“Such was the family I was born into. There was this cock-sparrow, my father, now a commercial traveller, dressy and expansive with optimism, walking in and out of jobs with the bumptiousness of a god.”
This is the bouncy beginning to the Cab at the Door, a memoir by V.S. Pritchett, long considered a premiere English stylist. Witty, warm, prolific, and sweetly irreverent, V.S. always casts a compassionate eye on his subjects, whether his ne’er-do-well father or a philandering boss.
One of the keys to his success is his openness to experience — a wonderful quality that also enabled him to forget himself in the act of writing. Here’s how he describes this: “Throwing something of oneself away is a way of becoming, for the moment, other people and I have always thought that unselfing oneself, speaking for others, justifying those who cannot speak, giving importance to the fact that they live, is especially the privilege of the storyteller, and even the critic — who is also an artist.”
So often when we write, we are overly concerned about finding our voice and making sure that it is distinctive. And yet here, Pritchett seems to be suggesting that we need to let go of at least part of ourselves in order to be able to fully inhabit the people or characters we want to write about.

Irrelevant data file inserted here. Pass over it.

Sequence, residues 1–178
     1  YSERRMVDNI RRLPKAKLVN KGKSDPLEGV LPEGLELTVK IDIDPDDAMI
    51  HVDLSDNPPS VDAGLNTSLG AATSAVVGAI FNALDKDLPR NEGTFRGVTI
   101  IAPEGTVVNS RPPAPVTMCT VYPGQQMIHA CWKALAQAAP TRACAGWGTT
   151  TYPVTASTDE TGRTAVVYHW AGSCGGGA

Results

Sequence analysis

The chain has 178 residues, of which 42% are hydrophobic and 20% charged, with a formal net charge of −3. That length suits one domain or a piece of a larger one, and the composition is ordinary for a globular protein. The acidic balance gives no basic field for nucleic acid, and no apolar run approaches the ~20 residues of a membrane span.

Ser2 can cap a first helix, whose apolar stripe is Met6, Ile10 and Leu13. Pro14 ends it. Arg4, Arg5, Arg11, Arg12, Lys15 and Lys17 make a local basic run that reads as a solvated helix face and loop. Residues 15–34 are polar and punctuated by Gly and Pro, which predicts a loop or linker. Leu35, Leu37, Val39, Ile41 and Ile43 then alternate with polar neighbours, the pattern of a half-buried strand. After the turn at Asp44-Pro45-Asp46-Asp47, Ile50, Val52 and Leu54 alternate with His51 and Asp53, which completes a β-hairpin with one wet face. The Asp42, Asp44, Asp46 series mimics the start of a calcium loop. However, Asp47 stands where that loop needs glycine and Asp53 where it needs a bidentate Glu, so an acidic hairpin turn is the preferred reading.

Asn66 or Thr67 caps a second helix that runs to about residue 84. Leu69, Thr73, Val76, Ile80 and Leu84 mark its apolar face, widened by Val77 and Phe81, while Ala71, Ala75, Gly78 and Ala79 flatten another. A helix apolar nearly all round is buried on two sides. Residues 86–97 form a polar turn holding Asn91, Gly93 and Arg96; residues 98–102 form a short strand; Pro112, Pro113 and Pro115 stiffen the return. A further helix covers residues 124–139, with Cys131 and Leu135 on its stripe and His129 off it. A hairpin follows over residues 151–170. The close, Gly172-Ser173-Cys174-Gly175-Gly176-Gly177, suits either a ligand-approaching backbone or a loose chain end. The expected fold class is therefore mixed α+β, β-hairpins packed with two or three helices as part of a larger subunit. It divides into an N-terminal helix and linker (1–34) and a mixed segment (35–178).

But how exactly, does one go about “unselfing oneself” so that we can slip into the skin of someone else? Looking at the writing of V.S himself, I would say that it takes humor, keen observation, strong emotional intelligence, and a large dose of humility. “Humility” is defined as the “quality or state of being humble” — not proud or haughty. Pritchett always seems mildly surprised and bemused about his skill as a writer. He earned his degree in the “School of Hard Knocks” — and he always brought great empathy to his character portrayals. Let’s borrow a leaf from his book and take our subjects seriously, but not ourselves. Write on!